eerder

Carlijn Mens

Faith Fear Face

22 Dec 2012 t/m 24 Feb 2013

There’s something odd about shadows. There and yet not there. In her drawings, Carlijn Mens (b. 1972) captures shadows and depicts light. The results are sometimes joyful: shadows of branches on a summer day or her daughter dancing with her own shadow. But in her current project for the GEM, Faith Fear Face, light serves as a metaphor for the struggle to survive and the battle for a better life. The installation is about the deprivation of liberty and is based on the inquiry that Mens has conducted over the past year into the international tragedy of people smuggling. But it goes further than that: the work also refers to mankind’s never-ending quest to better its condition. The result is both impressive and disturbing.

The deprivation of liberty is a perennial phenomenon. The notorious case in which 58 Chinese people were found dead in a shipping container at Dover in 2000 is the key motif in Faith Fear Face. A vast drawing – around 15 metres wide and 2.4 metres high – shows a container being scanned to detect stowaways. To create the effect of X-ray photography (now used to scan containers), Mens uses body prints to represent human figures. She lends this invisible, anonymous world a human face and adheres as closely as possible to reality. Mens (whose name actually means human being in Dutch) renders the inhuman human.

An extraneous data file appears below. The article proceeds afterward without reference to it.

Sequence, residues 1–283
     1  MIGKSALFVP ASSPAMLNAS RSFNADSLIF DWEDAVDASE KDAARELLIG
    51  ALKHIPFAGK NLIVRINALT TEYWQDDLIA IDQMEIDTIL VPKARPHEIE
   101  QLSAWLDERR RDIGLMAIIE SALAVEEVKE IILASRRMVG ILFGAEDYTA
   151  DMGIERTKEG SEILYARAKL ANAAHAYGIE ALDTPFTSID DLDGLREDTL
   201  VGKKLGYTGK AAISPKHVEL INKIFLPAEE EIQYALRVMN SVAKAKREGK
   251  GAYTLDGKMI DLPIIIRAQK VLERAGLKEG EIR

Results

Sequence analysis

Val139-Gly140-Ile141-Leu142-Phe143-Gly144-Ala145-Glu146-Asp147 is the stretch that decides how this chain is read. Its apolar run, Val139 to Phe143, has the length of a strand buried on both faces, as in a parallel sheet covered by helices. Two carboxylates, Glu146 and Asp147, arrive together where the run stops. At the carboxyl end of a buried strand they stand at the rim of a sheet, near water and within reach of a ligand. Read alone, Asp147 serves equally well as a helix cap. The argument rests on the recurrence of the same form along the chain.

Belief, anxiety and shame

In her work, Mens looks for contrasts: dark and light, reality and illusion, good and evil, justice and injustice, life and death. Light stands for hope and/or the illusion of a better life, whereas shadows reveal what is really happening. The title Faith Fear Face is an allusion to terms that Mens encountered repeatedly during her inquiry. Faith stands for belief and confidence in the future, Fear for anxiety and dread of the authorities, and Face for degradation and shame. Mens uses the results of her research (conducted with the cooperation of the police, Public Prosecution Service, Netherlands Forensic Institute and Dutch Council for Refugees) in support of the images in her drawings. By doing so, she reveals the extent of this harrowing hidden world.

Playing with shadows

Earlier projects also revolved around shadow and light. In her ‘Preserved Places’ project, for example, Mens rolled out lengths of paper in woodland areas to record places she wants to preserve and protect. In the ‘Preserving the Artist’ project, she creates shadow portraits of a generation of artists who have influenced her, artists who have had a decisive impact on the history of art. For her, this is a personal necessity. While recording these shadows, Mens has discovered the bizarre identification of the person and his shadow: like DNA, X-ray photos and fingerprints, shadows are unique to the individual. The present project for the GEM was born of that realization.

Carlijn Mens studied at the AKV / St. Joost in ’s Hertogenbosch and graduated from the Dutch Art Institute (DAI) in Enschede. She currently lives and works in Schoorl and Den Helder.